# fundamental theorem of algebra result

This leads to the following theorem:

Given a polynomial^{} $p(x)={a}_{n}{x}^{n}+{a}_{n-1}{x}^{n-1}+\mathrm{\dots}+{a}_{1}x+{a}_{0}$ of degree $n\ge 1$ where ${a}_{i}\in \u2102$, there are exactly $n$ roots in $\u2102$ to the equation $p(x)=0$ if we count multiple roots.

*Proof*
The non-constant polynomial ${a}_{1}x-{a}_{0}$ has one root, $x={a}_{0}/{a}_{1}$.
Next, assume that a polynomial of degree $n-1$ has $n-1$ roots.

The polynomial of degree $n$ has then by the fundamental theorem of algebra^{} a root ${z}_{n}$. With polynomial division we find the unique polynomial $q(x)$ such that $p(x)=(x-{z}_{n})q(x)$. The original equation has then $1+(n-1)=n$ roots.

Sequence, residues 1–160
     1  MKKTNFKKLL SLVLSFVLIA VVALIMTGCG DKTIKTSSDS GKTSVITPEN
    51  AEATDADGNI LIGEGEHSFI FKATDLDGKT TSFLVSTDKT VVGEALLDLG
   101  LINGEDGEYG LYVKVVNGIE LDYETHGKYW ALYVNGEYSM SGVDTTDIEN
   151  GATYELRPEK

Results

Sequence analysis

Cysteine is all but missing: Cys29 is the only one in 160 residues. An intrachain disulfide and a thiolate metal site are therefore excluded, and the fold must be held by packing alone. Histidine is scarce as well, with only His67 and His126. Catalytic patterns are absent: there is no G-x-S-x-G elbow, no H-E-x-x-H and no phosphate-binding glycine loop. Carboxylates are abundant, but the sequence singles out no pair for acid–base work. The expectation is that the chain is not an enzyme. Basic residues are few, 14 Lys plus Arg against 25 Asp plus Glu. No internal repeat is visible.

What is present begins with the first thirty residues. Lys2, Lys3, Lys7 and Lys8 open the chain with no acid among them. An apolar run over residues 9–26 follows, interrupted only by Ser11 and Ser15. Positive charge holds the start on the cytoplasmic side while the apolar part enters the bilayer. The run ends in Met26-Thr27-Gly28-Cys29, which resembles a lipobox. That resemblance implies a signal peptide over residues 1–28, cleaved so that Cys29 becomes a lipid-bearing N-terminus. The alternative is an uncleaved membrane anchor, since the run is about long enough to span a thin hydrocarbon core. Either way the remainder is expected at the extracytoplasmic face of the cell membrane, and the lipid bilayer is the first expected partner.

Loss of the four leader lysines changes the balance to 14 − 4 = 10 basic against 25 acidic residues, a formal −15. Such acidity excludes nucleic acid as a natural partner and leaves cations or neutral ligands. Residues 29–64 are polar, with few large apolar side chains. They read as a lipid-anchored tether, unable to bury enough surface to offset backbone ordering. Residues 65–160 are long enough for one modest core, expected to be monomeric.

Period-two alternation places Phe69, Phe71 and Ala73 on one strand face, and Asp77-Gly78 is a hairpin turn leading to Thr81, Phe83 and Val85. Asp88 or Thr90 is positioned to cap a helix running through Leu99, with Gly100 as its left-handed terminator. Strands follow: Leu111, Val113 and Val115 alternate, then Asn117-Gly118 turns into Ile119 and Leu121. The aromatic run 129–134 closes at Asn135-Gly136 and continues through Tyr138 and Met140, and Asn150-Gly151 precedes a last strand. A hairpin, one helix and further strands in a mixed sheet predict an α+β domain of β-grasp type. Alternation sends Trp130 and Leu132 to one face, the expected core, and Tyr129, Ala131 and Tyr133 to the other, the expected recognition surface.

By induction, every non-constant polynomial of degree $n$ has exactly $n$ roots.

For example, ${x}^{4}=0$ has four roots, ${x}_{1}={x}_{2}={x}_{3}={x}_{4}=0$.

Title | fundamental theorem of algebra result |
---|---|

Canonical name | FundamentalTheoremOfAlgebraResult |

Date of creation | 2013-03-22 14:22:01 |

Last modified on | 2013-03-22 14:22:01 |

Owner | rspuzio (6075) |

Last modified by | rspuzio (6075) |

Numerical id | 7 |

Author | rspuzio (6075) |

Entry type | Theorem |

Classification | msc 12D99 |

Classification | msc 30A99 |